Trigger warning: discussion of rape in review, description of rape, PTSD/panic attacks, and rape culture in the novel
Ashley Herring Blake’s previous novel, How To Make a Wish, was a 5 star read for me. So of course I put a hold on her newest YA as soon as it was available. I wish I had remembered the subject matter before I so eagerly requested it, or I would have put a little more space between reading Not That Bad: Dispatches from Rape Culture and this one. Mara and Owen are twins, and they have always been very close. They love to sit out on the roof looking at the stars together, spinning ongoing stories about themselves as the Gemini constellation. And if he gets a little rowdy at parties, it’s only in a lovable, goofball way. So when Mara best friend, Hannah, accuses Owen of rape, Mara is horrified. She seems to split, believing both of their conflicting stories simultaneously. And as she tries to sort through it, her own unaddressed trauma bubbles to the surface.
This is such a difficult, thorny book. I was a little bit worried about how it would be handled when I read the description, but I knew that if anyone could pull it off, it’s Ashley Herring Blake. Mara never doubts Hannah, but she has difficulty matching that to the consequence that her brother is capable of this (and is lying about). At school, the students begin to separate into “Team Owen” and “Team Hannah” (a much smaller faction). Mara’s previously fiercely feminist mother scolds Mara for the barest suggestion that Owen may not be innocent. Her world seems to turn cruel and unpredictable. The people you love and trust become strangers. The authority figures meant to protect you victimize you. Where Mara would usually lean on Charlie, her previous best friend and girlfriend, a barrier has formed between them since their break up.
Although this is a dark and uncomfortable read, it does also have hope. A mild spoiler: when Mara shares her experience with Hannah, they find strength and support in each other. They are able to understand each other without explanation. Although most of the school turns against Hannah, she does keep a core group of fiercely loyal friends. There is also a complicated relationship between Mara and Owen’s best friend, Alex. They had always just been in each other’s periphery, but they seek comfort in each other as they both struggle to reconcile this new version of Owen with the person they’ve known and loved for so many years.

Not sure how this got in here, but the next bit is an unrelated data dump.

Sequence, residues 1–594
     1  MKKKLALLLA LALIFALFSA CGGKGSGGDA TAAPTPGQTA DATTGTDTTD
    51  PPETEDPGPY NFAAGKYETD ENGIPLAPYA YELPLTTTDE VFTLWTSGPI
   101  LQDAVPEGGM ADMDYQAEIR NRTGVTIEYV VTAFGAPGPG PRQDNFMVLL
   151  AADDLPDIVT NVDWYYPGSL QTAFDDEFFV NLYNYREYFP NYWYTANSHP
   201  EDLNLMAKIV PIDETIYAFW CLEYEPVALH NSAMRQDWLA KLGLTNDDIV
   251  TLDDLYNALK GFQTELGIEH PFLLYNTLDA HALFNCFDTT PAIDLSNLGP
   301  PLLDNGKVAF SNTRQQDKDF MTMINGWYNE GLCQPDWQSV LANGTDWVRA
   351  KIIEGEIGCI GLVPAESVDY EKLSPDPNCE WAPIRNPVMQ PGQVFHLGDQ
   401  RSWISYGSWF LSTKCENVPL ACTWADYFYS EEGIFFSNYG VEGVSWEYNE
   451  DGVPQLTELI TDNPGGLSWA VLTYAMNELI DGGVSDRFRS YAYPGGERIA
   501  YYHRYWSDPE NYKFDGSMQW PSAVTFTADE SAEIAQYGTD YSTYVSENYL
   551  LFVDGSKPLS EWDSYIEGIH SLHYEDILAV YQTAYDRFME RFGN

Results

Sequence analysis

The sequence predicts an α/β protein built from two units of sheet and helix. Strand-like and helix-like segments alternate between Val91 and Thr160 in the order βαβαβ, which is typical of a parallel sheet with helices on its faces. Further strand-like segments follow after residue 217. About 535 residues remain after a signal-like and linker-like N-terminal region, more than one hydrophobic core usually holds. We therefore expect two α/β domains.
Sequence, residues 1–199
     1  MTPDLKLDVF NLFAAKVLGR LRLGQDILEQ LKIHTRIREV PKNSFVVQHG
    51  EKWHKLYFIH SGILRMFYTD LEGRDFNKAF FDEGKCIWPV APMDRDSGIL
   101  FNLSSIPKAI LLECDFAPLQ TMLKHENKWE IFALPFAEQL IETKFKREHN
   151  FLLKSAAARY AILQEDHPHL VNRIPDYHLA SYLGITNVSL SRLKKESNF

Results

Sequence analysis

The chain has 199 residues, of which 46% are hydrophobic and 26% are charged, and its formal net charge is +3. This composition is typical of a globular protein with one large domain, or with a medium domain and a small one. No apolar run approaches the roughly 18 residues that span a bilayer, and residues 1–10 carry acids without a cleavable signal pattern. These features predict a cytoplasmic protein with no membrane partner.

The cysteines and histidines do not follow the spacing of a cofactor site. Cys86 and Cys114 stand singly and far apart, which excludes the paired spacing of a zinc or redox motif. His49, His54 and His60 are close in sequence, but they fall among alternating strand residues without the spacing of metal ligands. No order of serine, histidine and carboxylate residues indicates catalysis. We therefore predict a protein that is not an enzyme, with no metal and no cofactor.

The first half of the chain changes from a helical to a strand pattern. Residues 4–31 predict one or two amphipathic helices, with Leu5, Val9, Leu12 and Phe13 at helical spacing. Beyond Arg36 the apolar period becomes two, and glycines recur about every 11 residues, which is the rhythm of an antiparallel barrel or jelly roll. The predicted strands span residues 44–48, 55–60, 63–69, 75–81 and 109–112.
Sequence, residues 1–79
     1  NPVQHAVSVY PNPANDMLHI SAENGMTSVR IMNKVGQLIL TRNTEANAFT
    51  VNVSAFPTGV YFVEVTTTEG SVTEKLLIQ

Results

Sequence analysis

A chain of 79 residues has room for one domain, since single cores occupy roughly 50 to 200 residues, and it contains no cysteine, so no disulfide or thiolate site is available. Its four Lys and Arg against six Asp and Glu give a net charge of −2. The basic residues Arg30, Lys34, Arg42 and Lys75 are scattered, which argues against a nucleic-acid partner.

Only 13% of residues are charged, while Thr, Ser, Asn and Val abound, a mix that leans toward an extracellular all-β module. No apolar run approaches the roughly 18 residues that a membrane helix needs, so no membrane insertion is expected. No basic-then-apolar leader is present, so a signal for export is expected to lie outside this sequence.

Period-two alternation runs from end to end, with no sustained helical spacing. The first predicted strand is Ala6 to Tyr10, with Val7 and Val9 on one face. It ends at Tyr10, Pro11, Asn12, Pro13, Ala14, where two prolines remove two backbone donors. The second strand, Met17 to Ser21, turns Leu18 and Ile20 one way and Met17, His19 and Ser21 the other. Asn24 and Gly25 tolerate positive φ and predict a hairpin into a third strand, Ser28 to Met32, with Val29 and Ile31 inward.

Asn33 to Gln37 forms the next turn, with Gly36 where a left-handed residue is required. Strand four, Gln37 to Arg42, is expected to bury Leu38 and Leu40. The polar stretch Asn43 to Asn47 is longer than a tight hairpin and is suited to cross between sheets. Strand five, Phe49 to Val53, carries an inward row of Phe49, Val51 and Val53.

There is so much going on that I haven’t even gotten to talking about Charlie. Since her and Mara’s break-up, they’ve lost the easy friendship they had previous to their romantic relationship. There is an undercurrent to this story that is about Charlie’s struggle to understand her own gender identity. She seems to experience some fluidity, which causes her to feel dysphoric about her voice at some points, and happy with it at other times. She isn’t out to her parents as genderqueer, though they are supportive of her and Mara’s relationship.
Girl Made of Stars faces rape culture head on. It had my stomach in knots, but I couldn’t stop turning the pages. I finished it one day–partly because Blake’s writing is captivating, partly because I was so invested in these characters that I wanted to know what happened to them, and partly to be able to walk away from this sickening situation. It’s not an easy read, emotionally. It was especially difficult to deal with the fact that Owen was not some abstract villain. He was someone that Mara thought she knew. And someone she will have to live with, and will likely still love, for the rest of her life. How can she reconcile that?
This was another 5 star read for me, and I will definitely be picking up anything Ashley Herring Blake writes in the future.
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